# 1 at Golden State 100 in 1961


# 1 at the Grove 1961


# 1 AJ in the Gilmore


# 1 at DeQuoin 1964


# 1


# 1


# 1


# 2


# 2


# 2


# 3


# 3


# 5


# 5


# 6


# 7


# 9 AJ at the Hoosier 100 in 1971


# 9 at former Hatfield Speedway 1962


# 11


# 11


# 14


# 14


# 14


# 14 w


# 14 at DuQuoin in 1967


# 14


# 14


# 14 at the Hoosier Hundred 1982


# 98 AJ at Terre Haute 1975


Terre Haute in 1975


A J's winning cars in the museum


Modified


Wheels up


AJ in # 3 racing with Parnelli Jones in # 1


AJ running dirt


AJ in Australia


AJ with Jim Hertubise


# 7


# 2 at Eldora


# 2


# 2


DuQuoin 1970


Aj and Mario


# 14 chased by # 58 sprinter


# 7 outside Al Unser at 1970 Hoosier 100


A J and Johnny Rutherford


A J throwing a roostertail on the top around Parnelli Jones


A J Leading Parnelli Jones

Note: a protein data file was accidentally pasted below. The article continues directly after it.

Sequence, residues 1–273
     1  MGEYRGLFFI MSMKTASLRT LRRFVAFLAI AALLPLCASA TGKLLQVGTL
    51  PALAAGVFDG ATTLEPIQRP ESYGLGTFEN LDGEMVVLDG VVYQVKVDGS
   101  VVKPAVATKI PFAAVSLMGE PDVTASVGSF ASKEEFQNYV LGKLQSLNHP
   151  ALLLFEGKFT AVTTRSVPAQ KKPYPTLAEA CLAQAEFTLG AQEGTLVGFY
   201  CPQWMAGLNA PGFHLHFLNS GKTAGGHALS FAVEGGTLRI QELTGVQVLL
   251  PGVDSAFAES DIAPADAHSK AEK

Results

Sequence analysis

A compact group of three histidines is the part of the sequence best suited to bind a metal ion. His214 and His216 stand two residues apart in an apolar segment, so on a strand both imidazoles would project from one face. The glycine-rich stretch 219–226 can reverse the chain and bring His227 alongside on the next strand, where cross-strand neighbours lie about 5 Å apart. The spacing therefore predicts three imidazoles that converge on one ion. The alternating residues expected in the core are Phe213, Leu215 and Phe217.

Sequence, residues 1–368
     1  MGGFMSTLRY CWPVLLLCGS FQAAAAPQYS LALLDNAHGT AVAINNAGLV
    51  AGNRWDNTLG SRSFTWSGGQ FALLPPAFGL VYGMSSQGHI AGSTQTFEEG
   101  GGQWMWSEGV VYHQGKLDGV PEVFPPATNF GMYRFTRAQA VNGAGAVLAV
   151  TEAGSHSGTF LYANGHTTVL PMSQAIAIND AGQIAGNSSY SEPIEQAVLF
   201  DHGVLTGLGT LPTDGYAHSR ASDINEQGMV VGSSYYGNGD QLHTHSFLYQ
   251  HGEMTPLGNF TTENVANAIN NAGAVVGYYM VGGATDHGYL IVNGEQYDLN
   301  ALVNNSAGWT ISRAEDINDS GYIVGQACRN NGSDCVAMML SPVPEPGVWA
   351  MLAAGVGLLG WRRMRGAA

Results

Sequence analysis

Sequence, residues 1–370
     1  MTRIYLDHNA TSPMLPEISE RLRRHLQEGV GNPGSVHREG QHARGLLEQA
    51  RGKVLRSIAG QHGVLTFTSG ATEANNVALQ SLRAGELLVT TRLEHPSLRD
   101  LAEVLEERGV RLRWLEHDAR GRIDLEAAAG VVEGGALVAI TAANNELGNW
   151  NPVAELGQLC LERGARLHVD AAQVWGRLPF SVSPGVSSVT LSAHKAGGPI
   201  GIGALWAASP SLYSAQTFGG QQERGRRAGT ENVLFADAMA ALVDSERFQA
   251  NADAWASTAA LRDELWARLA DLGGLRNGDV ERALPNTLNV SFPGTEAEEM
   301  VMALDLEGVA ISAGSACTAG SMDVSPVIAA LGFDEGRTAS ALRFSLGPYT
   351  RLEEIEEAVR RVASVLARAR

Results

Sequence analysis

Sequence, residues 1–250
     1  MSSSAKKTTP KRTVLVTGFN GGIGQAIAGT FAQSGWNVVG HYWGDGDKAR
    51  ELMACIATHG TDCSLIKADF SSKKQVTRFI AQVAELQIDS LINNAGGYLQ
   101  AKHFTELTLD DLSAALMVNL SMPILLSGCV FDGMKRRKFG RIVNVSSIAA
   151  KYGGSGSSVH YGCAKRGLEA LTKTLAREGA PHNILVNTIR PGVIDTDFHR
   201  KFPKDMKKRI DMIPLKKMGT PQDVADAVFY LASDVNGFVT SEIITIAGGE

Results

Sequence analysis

A J and Parnelli Jones at Salem 1961


A J leading Mario Andretti


A J leads Johnny Tolan and Parnelli Jones


A J # 21 with Parnelli Jones # 3


Oooops at DuQuoin

Indy cars


# 1


# 1 A J's first indy 500 win 1961


# 1 at Milwaukee


# 1


# 1 dirt champ car USAC champion 1961


# 1


# 1


# 1


AJ's Roadster # 1


AJ's # 1


AJ's Kurtis Epperly Indy roadste


Museum winners from AJ


# 5


# 14


# 14 1977 indy winner


# 14


# 14


# 14


# 14


# 14 at Indy 1975


# 14 in 1990


# 14


# 14 in 1967


# 14

Stock cars


# 00


# 00


# 11


# 14


# 14


# 21


# 21


# 28


# 51


# 10


# 47


# 47


# 47


# 51


# 51 being chased by Richard Petty


A J crash

Anthony Joseph "A. J." Foyt, Jr. (born January 16, 1935) ("Super Tex") is a retired American auto racing driver who has raced in numerous genres of motorsports. His open wheel racing includes United States Automobile Club Champ cars and midget cars. He raced stock cars in NASCAR and USAC. He won several major sports car racing events. He holds the USAC career wins record with 159 victories,[ and the American championship racing career wins record with 67.[